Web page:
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Port Hedland was an overnight stop, we left in the morning intending to drive to Exmouth on the Exmouth Peninsula to the southwest of Port Hedland. The road route is over 700 kilometers which was a surprise to me. I had looked at the map and figured the distances at something over 400 kilometers. When I programmed the GPS in the morning I thought it must have a different route in mind. So Louise went to the map and confirmed that the distance was going to be over 700 kilometers. We have driven 700 kilometers in a day but I wasn’t prepared for that this day. We had a grocery stop to make and the trip would require multiple fuel stops so we right away decided that any attempt to get all the way to Exmouth would not work. As we drove we discussed options including staying at some remote location without power or utilities or finding a campground. We decided to drive until late afternoon and then based on where we were, make a decision about our stopping place for the night. Leaving Port Hedland we were escorted by dozens of truck trains. Most were associated with the local mining but there were truck trains hauling fuel, heavy equipment, wide loads and more. In this case there is nothing to do but simply keep up with traffic. South of town the Great Northern Highway, which we have driven across Western Australia to Broome and now south, turns inland and so did most of the truck trains. We continued on south on the North West Coastal Highway. Truck trains drive this highway as well but their numbers are about what we have experienced on other highways in the Outback. The road is in excellent shape, we encountered no road work once out of Port Hedland. The terrain on this route is very flat. We could see ranges of hills or low mountains in the distance. The road managed to stay between these obstructions with few changes in direction. I set the cruise in the low 90’s and we rolled along quite comfortably. We pulled off the road in Karratha to eat lunch and top off the fuel tank. The next leg of the trip was over 200 kilometers without any fuel along the way. With a full tank we drove for three hours with a short restroom stop midway. We arrived at the Nanutarra Roadhouse about 5:00 p.m. and fueled the campervan. There wasn’t much discussion at this point. It was late in the afternoon the sun would be setting in an hour or so. We were seeing cows along and on the road and we had just come through a section which was damaged during recent heavy rains. There were camper swallowing pot holes in the road and places where the highway was so broken up they had put gravel in place to make it easier to drive. Guess how long the gravel stays with the truck trains driving over it. With no traffic in either direction, I could drive slowly and weave all over the road to take the safest way through the obstacles. Facing the prospect of driving through all this in the dark, it was an easy decision to stay at the campground at Nanutarra Roadhouse. Besides, tomorrow is Mother’s Day and Louise should have the deluxe accommodations, restrooms, showers and electric power! Happy Mother’s Day dear!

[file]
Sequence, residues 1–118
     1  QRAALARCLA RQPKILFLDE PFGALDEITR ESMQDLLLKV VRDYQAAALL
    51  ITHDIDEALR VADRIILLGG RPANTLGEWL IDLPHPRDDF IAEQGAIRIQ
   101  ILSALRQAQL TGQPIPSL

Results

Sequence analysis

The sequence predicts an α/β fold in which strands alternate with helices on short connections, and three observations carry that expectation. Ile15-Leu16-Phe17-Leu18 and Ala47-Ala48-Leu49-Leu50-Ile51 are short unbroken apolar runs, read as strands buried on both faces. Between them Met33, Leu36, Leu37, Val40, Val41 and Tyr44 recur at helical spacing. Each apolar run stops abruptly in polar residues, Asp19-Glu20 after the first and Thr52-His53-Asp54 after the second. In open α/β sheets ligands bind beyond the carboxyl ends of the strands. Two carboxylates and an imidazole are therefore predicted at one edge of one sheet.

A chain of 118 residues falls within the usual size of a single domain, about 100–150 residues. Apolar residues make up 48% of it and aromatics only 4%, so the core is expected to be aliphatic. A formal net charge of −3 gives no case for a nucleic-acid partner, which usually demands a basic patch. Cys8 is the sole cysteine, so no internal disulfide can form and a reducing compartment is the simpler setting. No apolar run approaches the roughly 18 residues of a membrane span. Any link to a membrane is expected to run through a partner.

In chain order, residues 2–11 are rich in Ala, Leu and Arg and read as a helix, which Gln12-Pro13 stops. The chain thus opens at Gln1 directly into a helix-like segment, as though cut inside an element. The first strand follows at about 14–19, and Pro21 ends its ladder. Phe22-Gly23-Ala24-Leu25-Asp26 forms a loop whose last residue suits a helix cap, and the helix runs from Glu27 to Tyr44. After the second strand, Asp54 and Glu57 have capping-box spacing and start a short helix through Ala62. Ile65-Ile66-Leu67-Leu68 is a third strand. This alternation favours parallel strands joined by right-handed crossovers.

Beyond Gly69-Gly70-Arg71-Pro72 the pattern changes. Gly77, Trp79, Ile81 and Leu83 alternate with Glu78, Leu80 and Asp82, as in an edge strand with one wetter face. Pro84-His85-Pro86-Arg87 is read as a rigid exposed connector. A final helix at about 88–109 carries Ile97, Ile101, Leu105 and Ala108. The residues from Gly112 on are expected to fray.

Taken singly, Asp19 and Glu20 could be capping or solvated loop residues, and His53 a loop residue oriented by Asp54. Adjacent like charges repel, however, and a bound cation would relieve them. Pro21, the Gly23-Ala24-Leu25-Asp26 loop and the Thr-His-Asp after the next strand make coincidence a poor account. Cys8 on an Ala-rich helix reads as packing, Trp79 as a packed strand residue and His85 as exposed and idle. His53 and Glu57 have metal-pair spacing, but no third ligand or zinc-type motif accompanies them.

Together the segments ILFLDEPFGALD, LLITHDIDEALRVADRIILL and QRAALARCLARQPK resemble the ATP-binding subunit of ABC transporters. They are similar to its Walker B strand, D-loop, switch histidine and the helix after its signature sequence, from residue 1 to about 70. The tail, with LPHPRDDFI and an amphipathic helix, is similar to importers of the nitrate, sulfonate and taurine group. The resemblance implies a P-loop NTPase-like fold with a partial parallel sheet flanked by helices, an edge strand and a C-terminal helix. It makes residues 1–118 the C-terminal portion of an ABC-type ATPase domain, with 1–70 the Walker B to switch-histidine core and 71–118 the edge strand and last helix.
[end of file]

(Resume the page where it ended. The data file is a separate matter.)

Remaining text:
Our next stop was 610 kilometers down the road, a full day drive. Port Hedland is south and west of Broome. The road follows the curve of the shore just inland from the Indian Ocean. We packed up and were on our way by 9:00 a.m. Between Broome and Port Hedland there is little for us to see. The only side roads from this section of highway are unpaved dirt roads. There is access to 80 mile beach but that also is an unpaved road. As you might suspect, 80 mile beach is an extensive beach similar to the one we were on the day before. I’m sure it would have been a great place but a four wheel drive vehicle would have been necessary. The other feature of significance on this drive remains just out of sight to our west and south. The Great Sandy Desert lies just inland from the Great Northern Highway. We could at times see dunes along the beach and at other times we could see dunes inland, at the border of the desert. It was a lonely stretch of road with road trains and a few campers on the move. There are two roadhouses along the route which provide food and fuel. Otherwise, we saw no power lines, no houses, only an occasional entrance gate to some private land. The road was unfenced and we were cautioned about livestock. We only saw cows near the road for a short distance. At the Sunfire Roadhouse I fueled up with enough fuel to get us to Port Hedland where fuel prices should be more reasonable. Louise was entertained by a flock of Peafowl. Peacocks and Peahens that roamed the parking area. There were at least a dozen. She had to feed the white one that came over to check out the campervan. I amused myself by counting the tires on one of the road trains parked there. Each of the trailers on the road train has six axles, three at the front and three at the back. Each axle has dual tires so that is four per axle for a total of 24 tires on one trailer. We see three, sometimes four trailers in a train. The front trailer has only three axles on the back and the tractor has three axles with the steer axle only two tires of course. So that is 22 tires on the tractor and first trailer and 24 tires on each of the following trailers. A full four trailer rig would have 94 tires! Makes an 18 wheeler look pretty lame! I’m glad I don’t have to pay for the tires much less the fuel these rigs use. We saw several strong showers in the distance but drove only through a very light rain late in the afternoon. As we approached Port Hedland traffic began to pick up. Port Hedland is a mining area and there were truck trains hauling ore. We were in the lane with the loaded trucks and meeting the empty rigs. They weren’t wasting any time so it was a busy highway. To get to our campground we traveled into town past a huge salt pile that was surrounded with salt evaporation ponds. Sea water is pumped into the salt ponds and allowed to evaporate then collected and stockpiled for shipment by sea. The salt collection and stockpiling operation goes on 24 hours a day our camp host informed us. There is a scenic viewpoint where you can pull off to view the operation. Campground prices were sky-high, $54 per night but the internet was free. We get a discount at the Big 4 park chain thanks to an alliance between Britz and the Big 4 Parks, 10%, so we got our site for $49.60. We are parked on concrete, something that happens only rarely here in Australia. Most sites are grass or gravel. Some have a concrete pad next to the parking site but very few have a concrete pad for parking. Thanks to the free internet and paying for internet in Broome, I am now caught up to real time. This posting should be on the morning of Saturday, May 10, as we are departing Port Hedland for our next stop, Exmouth. The clouds that were associated with the showers gave us an excellent sunset. Clouds make sunrise and sunset pictures interesting and I was out taking pictures when several other photographers joined me. We all agreed this one was spectacular. I put together a panoramic and will post it. We’ll see how the FMCA Web Site handles a panoramic photo. If you click on it you can get it enlarged. Here is just a little fun for the map and geography fans in the audience... Port Hedland is near 20 degrees south latitude so we are still in the tropics. We are moving further west and are now at 119 degrees east longitude. That puts us 61 degrees west of the International Date Line. A little further west and we would be 180 degrees from New York City! That would be 105 degrees east longitude and we won’t go that far west but interesting to think about. We are still closer to the US if we travel east rather than west.